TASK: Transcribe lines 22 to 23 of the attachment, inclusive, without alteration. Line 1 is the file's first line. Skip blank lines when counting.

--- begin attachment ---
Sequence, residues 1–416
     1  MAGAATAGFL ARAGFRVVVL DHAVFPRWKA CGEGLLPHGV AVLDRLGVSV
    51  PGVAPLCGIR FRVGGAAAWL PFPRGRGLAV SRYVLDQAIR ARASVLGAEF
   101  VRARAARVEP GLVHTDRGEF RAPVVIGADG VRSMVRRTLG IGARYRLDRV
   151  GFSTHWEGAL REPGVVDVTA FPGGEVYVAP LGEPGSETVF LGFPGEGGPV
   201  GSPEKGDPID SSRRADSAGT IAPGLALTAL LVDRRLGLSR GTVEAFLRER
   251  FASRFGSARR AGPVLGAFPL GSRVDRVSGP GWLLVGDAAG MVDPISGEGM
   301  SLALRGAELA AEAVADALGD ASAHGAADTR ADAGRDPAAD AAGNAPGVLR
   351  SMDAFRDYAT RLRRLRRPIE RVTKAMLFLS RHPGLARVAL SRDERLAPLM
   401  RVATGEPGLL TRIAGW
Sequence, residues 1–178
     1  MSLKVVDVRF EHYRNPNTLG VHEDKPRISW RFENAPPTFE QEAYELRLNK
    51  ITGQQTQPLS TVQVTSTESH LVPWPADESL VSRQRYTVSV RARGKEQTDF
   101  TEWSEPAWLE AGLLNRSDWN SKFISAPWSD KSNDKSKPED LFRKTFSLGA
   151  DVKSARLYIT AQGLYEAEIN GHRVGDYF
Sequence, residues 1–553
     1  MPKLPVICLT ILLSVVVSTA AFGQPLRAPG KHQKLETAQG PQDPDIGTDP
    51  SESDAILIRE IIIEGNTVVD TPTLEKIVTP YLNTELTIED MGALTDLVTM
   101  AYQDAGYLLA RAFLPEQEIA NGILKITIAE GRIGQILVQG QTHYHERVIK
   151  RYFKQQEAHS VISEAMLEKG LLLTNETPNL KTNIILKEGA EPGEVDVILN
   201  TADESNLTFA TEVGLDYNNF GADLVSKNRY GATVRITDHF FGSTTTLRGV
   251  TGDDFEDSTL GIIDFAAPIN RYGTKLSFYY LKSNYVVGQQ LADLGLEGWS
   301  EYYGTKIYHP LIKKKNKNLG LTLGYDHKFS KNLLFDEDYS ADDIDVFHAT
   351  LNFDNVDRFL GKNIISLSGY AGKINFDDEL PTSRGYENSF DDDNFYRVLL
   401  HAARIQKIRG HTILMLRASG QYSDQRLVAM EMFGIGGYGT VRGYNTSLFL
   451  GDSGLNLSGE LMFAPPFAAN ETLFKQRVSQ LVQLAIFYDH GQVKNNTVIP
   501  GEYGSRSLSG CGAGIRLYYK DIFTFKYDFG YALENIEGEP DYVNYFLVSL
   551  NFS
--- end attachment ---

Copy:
   251  TGDDFEDSTL GIIDFAAPIN RYGTKLSFYY LKSNYVVGQQ LADLGLEGWS
   301  EYYGTKIYHP LIKKKNKNLG LTLGYDHKFS KNLLFDEDYS ADDIDVFHAT